A grease that does not burn promises to help prevent lethal fires in tunnels of the kind that struck the Los Angeles Metro tunnel this summer, seriously injuring several people.
Developed by Jim Washbourne of Oxford Brookes University's civil engineering department, the grease could now be used in major tunnel construction projects currently under way. The Jubilee Line Underground extension to the London Docklands and the Heathrow Express tunnel, connecting the airport to London's Paddington station, could both benefit.
He explains that flammable greases are currently being widely used in combination with seals to make the gap between the tunnel lining and tunnel boring machine watertight. When the seals are repaired or replaced, water is often kept at bay by pumping compressed air into the tunnel workings. Workers burn away worn seals with oxyactylene torches and in this oxygen-rich atmosphere, the grease can ignite with lethal consequences.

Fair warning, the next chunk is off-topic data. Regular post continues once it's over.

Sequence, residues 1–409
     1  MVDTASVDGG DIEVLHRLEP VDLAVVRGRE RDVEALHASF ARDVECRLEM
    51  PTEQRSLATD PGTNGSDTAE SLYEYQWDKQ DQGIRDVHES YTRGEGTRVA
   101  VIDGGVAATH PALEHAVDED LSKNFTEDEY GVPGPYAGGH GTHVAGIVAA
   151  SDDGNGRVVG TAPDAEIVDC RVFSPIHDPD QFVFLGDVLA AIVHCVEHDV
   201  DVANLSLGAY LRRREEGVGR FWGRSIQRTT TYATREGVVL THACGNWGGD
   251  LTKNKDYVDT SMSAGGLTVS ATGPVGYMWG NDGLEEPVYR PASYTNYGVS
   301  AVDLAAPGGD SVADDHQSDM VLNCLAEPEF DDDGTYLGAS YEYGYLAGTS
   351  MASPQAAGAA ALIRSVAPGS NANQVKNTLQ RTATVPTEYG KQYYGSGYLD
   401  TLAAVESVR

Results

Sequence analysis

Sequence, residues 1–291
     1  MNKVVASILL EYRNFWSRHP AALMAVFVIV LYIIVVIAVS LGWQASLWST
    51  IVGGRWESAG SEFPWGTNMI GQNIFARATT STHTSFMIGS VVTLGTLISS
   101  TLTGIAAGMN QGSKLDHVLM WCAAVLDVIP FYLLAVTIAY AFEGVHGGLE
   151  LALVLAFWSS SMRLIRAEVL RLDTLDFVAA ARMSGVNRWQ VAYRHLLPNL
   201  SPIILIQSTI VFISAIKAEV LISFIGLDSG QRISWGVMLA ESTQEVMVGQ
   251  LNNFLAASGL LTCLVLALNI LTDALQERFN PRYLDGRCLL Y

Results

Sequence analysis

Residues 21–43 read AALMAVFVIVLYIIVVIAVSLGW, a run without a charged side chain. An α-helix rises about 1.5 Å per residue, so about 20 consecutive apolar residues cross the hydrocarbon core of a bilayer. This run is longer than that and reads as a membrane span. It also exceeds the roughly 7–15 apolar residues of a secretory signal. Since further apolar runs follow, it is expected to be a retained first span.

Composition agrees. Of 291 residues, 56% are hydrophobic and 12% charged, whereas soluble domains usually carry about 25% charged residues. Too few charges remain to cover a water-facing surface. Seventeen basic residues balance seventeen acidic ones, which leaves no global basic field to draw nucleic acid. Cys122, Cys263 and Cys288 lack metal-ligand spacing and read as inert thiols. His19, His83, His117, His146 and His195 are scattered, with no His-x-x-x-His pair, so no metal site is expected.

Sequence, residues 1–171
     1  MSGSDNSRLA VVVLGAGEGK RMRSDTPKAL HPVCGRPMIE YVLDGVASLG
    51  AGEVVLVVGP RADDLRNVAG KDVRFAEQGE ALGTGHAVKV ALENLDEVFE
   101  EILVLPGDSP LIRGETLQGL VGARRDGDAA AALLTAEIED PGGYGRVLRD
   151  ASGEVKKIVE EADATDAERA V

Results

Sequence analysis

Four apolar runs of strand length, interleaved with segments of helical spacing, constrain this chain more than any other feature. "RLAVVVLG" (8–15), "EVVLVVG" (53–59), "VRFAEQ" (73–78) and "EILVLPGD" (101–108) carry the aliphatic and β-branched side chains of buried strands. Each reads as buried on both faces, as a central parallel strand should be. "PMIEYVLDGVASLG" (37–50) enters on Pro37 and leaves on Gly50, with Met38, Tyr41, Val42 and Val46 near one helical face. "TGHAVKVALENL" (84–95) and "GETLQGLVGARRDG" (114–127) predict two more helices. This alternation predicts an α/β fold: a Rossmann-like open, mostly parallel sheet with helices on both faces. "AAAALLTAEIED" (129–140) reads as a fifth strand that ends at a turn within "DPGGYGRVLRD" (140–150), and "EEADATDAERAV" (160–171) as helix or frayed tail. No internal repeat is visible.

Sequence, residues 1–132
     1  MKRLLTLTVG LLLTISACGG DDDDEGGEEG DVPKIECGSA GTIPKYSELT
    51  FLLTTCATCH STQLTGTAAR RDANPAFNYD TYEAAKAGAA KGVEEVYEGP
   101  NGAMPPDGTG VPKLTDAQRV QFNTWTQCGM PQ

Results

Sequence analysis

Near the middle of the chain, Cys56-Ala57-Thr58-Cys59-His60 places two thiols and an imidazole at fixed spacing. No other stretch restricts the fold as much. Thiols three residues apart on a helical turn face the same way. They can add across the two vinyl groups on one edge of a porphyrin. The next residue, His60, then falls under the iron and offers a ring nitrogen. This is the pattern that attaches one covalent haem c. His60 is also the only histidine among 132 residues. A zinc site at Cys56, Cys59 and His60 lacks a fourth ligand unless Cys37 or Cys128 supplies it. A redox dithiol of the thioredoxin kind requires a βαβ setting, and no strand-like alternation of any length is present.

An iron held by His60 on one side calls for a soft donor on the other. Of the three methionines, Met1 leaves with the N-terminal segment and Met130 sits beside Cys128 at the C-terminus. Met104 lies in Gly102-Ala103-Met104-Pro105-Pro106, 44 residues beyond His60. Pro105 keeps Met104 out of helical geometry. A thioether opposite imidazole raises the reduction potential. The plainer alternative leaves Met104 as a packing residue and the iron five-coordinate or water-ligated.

Mr Washbourne's solution is a non-flammable grease made up of water and minerals suspended in wax. He says that globally, 3,500 kilometers of tunnel are dug every year for drainage, sewage, services, roads and rail. Tunnelling accounts for the world's biggest use of grease. "As the earth's surface becomes more crowded there is even more need for tunnels and unless we replace inflammable tunnel grease soon, fires will claim the lives of more workers."